Bobbin' robins

Wednesday 21 December, 2011
Red-capped robinThe red-capped robin, a sign of a healthy ecosystem, repaired by Bush heritage supporters. Photo: Rob Drummond.

Good news from Boolcoomatta

He may turn his back on you if you're trying to watch him, but as Lucy Ashley discovered, the red-capped robin has plenty to tell about how well you're looking after his home.

If you're lucky enough to spot one perched on a stump or a branch near the ground, you'll see why the red-capped robin is known as one of the busiest birds in the Australian bush.

Stand a moment and watch this tiny creature flicking its wings and tail feathers while it combs the ground for food, but don't look away for long or it will be off. Catching unwary insects for dinner is important stuff - and these diminutive robins are masters of the chase.

While it sometimes catches prey airborne, the red-capped robin mostly forages for food on the ground. It cocks its head to one side, quickly lifting one wing and then the other, shuffling its feet about in the leaf litter. This is the red-capped robin's inventive way of flushing out prey – or perhaps it's just doing its zumba.

Red-throatRed-throat saw a 655% Increase in abundance from 2006 to 2010 Photo: Graeme Chapman.

The red-capped robin gets its name from the spectacular plumage adorning the male – a distinctive scarlet cap and chest. However, the female was short-changed in the plumage department. Unlike its showy partner, it's a nondescript grey-brown, with just a slight reddish tint to the crown.

Being highly visible in the Australian bush can have its drawbacks. Male robins have been known to turn their backs on observers in a somewhat comic attempt to disappear.

Birds at Boolcoomatta are thriving

While the red-capped robin is not identified as a threatened species in Australia, it's declining in New South Wales, Victoria and South Australia. It's one of many insect-feeding bird species that have suffered greatly due to land clearing and habitat destruction.

White-winged fairy-wren235% increase in adundance for the White-winged fairy wren (2006-2010). Photo: Lochman Transparencies.

In the 250 years since Europeans arrived in Australia, 26 of our 850 native bird species or sub-species have been driven to extinction. By 2000, one in five native birds was listed as threatened.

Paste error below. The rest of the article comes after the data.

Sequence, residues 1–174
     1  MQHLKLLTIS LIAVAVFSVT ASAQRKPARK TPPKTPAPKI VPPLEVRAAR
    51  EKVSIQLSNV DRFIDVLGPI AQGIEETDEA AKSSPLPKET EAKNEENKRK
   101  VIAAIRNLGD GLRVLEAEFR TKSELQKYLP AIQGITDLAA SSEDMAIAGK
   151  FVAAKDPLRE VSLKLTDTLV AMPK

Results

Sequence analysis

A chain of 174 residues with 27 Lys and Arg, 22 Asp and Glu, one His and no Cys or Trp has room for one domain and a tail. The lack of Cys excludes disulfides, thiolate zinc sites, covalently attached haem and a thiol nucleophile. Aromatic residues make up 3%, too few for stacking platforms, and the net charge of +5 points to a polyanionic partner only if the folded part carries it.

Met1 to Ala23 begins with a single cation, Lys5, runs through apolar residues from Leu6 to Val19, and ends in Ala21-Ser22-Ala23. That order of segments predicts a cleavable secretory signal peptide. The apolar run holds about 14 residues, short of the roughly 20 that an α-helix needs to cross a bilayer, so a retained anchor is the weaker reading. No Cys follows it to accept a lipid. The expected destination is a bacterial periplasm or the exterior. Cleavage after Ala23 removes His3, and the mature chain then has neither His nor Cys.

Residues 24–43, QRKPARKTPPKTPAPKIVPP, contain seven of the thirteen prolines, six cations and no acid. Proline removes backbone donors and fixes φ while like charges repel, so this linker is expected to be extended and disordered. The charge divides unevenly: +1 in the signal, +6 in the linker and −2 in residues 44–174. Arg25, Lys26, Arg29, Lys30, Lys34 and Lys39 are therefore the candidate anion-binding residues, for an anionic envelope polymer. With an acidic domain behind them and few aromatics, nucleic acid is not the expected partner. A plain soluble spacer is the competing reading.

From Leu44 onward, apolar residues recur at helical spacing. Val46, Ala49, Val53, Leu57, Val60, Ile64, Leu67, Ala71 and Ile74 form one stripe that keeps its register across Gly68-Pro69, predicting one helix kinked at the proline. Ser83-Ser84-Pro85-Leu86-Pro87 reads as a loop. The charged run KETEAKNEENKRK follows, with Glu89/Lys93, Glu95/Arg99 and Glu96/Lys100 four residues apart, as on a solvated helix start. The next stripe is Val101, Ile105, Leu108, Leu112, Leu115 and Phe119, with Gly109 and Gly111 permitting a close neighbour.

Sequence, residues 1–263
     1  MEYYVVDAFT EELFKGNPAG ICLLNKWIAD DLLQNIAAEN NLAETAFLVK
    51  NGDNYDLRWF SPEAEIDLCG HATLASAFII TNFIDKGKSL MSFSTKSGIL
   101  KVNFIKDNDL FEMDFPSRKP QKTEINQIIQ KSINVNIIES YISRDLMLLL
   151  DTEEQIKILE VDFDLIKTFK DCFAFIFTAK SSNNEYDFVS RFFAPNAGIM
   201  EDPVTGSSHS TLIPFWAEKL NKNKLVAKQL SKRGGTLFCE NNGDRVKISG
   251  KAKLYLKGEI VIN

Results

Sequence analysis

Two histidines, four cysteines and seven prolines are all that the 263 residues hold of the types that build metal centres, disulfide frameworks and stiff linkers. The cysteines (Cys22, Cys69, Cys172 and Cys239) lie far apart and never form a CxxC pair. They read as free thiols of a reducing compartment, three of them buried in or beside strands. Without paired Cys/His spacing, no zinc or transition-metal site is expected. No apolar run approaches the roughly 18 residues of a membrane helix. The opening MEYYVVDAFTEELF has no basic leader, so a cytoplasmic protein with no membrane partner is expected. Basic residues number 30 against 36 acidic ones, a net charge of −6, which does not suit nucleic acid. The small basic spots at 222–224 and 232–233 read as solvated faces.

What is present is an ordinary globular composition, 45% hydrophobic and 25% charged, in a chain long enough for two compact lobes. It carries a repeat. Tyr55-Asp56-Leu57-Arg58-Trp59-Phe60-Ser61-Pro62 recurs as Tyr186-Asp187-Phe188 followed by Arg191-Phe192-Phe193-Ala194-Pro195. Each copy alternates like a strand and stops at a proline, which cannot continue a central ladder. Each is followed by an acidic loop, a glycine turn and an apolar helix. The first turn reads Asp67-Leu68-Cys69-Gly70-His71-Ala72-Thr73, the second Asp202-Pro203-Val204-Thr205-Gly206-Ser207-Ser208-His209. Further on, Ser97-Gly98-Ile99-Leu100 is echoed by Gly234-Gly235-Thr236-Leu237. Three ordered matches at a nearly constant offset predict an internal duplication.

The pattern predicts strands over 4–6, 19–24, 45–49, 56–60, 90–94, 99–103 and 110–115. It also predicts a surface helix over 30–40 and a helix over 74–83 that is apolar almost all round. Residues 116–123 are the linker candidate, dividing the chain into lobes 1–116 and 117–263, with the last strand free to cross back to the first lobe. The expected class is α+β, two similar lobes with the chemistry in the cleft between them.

But thanks to Bush Heritage supporters, it's a different story for many of the other bird species at Boolcoomatta Reserve in South Australia.

Between 2006 and 2010 we recorded population increases of 235% for the white-winged fairy wren, 395% for the rufous fieldwren, 655% for the redthroat, 165% for the chestnut‑crowned babbler and 109% for the chirruping wedgebill.

The results are a welcome reward for Bush Heritage ecologist Sandy Gilmore and his team of volunteers, who have together carried out five bird surveys since Bush Heritage supporters began protecting Boolcoomatta.

"With shrubland and ground-foraging birds in decline right across Australia, these results on Boolcoomatta clearly buck the trend," says Sandy.

Rufous field-wrenRufous fieldwren saw a 395% increase from 2006 to 2010. Photo: Graeme Chapman.

"As well as population increases, we have also found that many bird species have colonised Boolcoomatta or been recorded for the first time such as the brown songlark, grey fantail and red-capped robin."

What we can learn from birds

The results are also good news for Bush Heritage supporters – since birds are present in just about every ecosystem and almost every level of the food chain, they can tell us a lot about how an ecosystem and its various elements are performing.

The increasing number and size of bird populations at Boolcoomatta is a good indicator that our management practices are working – and it's all made possible by the ongoing support of the Bush Heritage community.

Back at Boolcoomatta, the red-capped robin has one more fascinating trick up its sleeve.

Ecologist Sandy GilmoreEcologist Sandy Gilmore at Boolcoomatta Reserve, SA. Photo: Bron Willis.

The male bird's red plumage is the result of the presence of two pigments, which the bird can't manufacture himself and can only get from his food. Several recent studies suggest that the redness of the male's plumage is therefore a good indicator of the health of its habitat.

Yet another way that the very red, red‑capped robin is able to show you how well you're looking after his home.

Bush Heritage Australia gratefully acknowledges The Native Vegetation Council for their support of conservation activities on Boolcoomatta.

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